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Apisto Borelli Mothering Question

Discussion in 'Apistogramma' started by archangelvk, Mar 30, 2019.

  1. archangelvk

    archangelvk New Member

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    I have a 23G tank with around 15 red cherry shrimp, 4 amanos and a Bright Yellow Apisto Borelli mother and her 23ish 1 week old Fry in a well planted tank. I was wondering when or if I should remove the mother? The first time she had fry, they all disappeared within a week and I didnt know whether the mother had ate them all or the father. But this time the dad has been relocated to another tank and was just wondering if I should remove the mother as well? Thanks in Advance
  2. Katsutaro Yoshimoto

    Katsutaro Yoshimoto New Member

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    What are you feeding the fry when they are free swimming and what kind of filter are you using?

    You can leave the fry with the mother for a long time if the male is not in the tank with her (like 3 months?). A hang on filter/canister filter will kill your fry if they get sucked up into it, covering the intake with a sponge is necessary to prevent that.

    Is this your female's first batch of fry? She may of freaked out and ate the babies. It could be because of inexperience of the mother.

    In my experience, I've never had the best success in apisto fry surviving until I started feeding newly hatched BBS. You should start feeding the fry as soon as they are free swimming. Without the BBS, I've had maybe 5% of a batch survive with the natural food in the tank. With BBS, the survival rate skyrocketed to 90-100%.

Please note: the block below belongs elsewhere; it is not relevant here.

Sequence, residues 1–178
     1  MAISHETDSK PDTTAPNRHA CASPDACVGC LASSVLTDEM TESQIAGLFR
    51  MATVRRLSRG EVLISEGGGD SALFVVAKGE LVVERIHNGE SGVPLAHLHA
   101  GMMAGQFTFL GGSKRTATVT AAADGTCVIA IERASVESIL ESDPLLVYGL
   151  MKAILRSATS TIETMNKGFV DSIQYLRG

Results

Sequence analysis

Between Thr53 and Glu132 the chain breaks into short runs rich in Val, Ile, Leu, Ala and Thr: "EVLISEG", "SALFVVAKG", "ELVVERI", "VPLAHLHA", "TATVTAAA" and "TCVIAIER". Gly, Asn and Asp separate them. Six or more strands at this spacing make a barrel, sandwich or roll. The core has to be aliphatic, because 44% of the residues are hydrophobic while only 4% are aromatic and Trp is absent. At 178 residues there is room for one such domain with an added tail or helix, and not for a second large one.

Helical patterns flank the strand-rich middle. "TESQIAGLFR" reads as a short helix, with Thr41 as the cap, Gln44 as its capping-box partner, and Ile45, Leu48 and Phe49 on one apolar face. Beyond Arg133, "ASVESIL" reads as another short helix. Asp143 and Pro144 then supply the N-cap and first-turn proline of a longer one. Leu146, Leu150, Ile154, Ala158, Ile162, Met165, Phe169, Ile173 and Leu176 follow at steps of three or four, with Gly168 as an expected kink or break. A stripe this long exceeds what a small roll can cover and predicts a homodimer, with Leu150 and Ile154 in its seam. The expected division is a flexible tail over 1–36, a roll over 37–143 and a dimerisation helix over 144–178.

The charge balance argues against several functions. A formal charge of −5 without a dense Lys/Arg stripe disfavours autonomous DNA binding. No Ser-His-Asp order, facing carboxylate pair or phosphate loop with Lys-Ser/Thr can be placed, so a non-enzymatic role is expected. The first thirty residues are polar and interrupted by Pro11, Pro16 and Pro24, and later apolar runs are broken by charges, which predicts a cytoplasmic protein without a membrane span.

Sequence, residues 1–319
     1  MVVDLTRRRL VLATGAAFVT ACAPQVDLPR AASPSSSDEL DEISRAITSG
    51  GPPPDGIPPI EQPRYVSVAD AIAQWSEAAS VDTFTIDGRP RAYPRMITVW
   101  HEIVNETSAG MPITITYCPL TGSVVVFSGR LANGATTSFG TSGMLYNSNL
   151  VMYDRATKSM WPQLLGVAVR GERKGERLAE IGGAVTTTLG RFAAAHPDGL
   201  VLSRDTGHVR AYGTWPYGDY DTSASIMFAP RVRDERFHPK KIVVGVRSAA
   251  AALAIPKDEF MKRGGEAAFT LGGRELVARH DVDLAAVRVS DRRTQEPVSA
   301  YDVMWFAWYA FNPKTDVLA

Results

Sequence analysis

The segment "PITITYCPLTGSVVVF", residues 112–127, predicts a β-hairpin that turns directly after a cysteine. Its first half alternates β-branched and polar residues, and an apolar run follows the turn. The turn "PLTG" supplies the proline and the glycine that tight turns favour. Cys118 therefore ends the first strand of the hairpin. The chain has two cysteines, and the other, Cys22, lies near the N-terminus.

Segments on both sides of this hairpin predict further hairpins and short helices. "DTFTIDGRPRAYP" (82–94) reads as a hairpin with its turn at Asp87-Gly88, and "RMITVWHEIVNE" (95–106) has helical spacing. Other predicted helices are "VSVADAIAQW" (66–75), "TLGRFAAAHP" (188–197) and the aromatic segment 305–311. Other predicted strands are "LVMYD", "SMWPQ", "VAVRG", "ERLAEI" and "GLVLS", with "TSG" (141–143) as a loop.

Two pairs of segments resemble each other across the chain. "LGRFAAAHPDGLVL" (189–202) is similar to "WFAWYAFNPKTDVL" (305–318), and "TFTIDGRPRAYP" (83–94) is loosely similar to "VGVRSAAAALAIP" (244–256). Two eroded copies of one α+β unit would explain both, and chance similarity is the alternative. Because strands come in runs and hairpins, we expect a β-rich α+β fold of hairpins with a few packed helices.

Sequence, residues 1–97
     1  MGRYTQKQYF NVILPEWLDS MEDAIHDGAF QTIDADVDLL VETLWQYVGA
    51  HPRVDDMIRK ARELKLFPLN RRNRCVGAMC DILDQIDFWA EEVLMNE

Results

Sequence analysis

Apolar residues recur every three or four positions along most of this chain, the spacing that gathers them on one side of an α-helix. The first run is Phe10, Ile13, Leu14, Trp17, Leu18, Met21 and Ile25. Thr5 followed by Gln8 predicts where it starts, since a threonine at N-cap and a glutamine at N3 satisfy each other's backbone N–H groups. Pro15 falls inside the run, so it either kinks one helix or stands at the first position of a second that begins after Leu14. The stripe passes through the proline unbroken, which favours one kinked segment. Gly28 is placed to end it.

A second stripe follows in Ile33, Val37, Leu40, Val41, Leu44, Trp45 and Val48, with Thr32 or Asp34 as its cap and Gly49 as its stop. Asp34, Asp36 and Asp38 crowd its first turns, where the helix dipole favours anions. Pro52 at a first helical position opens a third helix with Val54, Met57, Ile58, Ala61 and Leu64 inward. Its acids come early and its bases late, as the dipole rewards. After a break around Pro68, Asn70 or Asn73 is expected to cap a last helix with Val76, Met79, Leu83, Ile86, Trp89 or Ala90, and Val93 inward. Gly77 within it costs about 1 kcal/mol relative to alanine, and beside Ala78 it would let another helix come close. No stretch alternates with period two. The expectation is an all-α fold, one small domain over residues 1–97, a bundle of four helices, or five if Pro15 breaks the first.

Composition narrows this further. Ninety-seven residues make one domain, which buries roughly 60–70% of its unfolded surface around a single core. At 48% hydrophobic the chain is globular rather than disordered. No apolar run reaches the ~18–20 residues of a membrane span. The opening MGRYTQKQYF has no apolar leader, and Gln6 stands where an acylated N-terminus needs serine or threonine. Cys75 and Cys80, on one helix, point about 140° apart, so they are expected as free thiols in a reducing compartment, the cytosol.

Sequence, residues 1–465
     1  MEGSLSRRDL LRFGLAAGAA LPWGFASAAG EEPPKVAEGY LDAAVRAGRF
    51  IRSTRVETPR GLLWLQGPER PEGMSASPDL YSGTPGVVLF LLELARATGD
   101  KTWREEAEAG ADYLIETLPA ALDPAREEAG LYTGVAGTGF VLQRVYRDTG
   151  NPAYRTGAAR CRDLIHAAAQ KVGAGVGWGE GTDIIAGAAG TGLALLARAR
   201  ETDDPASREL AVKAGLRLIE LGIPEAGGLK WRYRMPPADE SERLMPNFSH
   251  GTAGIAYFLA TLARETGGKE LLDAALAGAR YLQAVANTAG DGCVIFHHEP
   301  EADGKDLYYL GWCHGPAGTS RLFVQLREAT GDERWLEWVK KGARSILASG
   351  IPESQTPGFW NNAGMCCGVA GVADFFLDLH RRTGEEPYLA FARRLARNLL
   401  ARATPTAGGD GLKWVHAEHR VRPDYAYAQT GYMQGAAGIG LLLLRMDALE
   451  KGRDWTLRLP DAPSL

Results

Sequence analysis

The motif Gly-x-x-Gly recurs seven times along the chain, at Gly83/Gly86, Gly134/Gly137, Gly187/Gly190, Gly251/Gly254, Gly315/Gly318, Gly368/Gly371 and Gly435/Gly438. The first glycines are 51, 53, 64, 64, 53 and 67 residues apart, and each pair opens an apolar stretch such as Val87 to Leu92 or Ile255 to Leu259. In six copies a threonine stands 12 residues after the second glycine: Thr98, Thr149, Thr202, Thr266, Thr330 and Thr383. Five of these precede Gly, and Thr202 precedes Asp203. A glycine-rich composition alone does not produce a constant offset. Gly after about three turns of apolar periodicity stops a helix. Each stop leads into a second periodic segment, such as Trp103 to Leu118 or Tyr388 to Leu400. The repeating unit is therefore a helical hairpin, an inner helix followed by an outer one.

Hope this helps and good luck!
  3. archangelvk

    archangelvk New Member

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    I am feeding my fry live micro worms mixed with Genchem Polytase. The Polytase is mainly for the shrimp in my tank. Once every day I also crush a small amount of flaked food into a powder and mix it in with microworms too.

    My HOB filter is covered with an intake sponge to prevent any living thing to get sucked inside so I know its not that. This is my females SECOND batch of fry but its her first time raising them without the male.

    Im hoping that the first failure was due to the male eating the fry and that this time she will be successful in raising them on her own.
  4. Mike Wise

    Mike Wise Moderator Staff Member 5 Year Member

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    Female A. borellii are one of the best mothers in the apisto world. They are so good at guarding fry that in the 60s & 70s borellii females were used as foster mothers for other, rarer species. I agree with Katsutaro. BBS are the best food for fry if you want to keep more than a few alive. Microworms make a good temporary substitute, but IMHO not for long-term nutrition.
    Katsutaro Yoshimoto likes this.
  5. archangelvk

    archangelvk New Member